четверг, 28 апреля 2022 г.

Gab news 29/04/2022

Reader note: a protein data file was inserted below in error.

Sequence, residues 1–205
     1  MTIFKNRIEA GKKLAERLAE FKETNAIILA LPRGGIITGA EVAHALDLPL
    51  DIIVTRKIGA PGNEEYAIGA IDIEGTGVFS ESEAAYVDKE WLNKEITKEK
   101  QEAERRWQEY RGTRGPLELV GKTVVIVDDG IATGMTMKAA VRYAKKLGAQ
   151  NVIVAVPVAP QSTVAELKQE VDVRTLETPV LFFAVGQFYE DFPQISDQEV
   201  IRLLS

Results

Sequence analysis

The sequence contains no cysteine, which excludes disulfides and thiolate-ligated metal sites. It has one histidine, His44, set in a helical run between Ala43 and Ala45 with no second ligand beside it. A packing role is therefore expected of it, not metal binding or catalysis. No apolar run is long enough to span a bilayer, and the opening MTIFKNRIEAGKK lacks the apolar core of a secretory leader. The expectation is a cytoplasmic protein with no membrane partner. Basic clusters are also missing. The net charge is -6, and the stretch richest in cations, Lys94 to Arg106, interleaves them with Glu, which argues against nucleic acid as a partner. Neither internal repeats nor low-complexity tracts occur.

At this time, the Greek world began to face a new danger, approaching from the depths of Asia to the sea, namely the Persians, who for several centuries became the most dangerous enemies of the Greeks and had a great influence on the course of Greek history. Moving from Lydia, the Persians had, first of all, to subdue the Greeks of Asia Minor. The Lydian kings have already since the time of the first king Giga, who made in 690 BC. e. a country independent of Assyrian domination and having created a vast state, they recognized the great importance of maritime relations and therefore sought to own harbors on the coast of Asia Minor, which was important for them. They managed to take over the area of ​​Troy, after which they began to fight with the Greek states; some of them, such as Magnesia and Smyrna, were conquered and destroyed. Miletus, on the other hand, successfully withstood an eleven-year siege, thanks to the fleet, which allowed him freedom of maritime relations, and concluded in 605 BC. e. peace with Lydia. At this time, Assyria collapsed, and the Lydian king Aliattes (609-561 BC) was forced to start a war with the Medes to protect his kingdom in the east; he managed to keep the lands under his rule up to the river Galis. There is a calm in the west.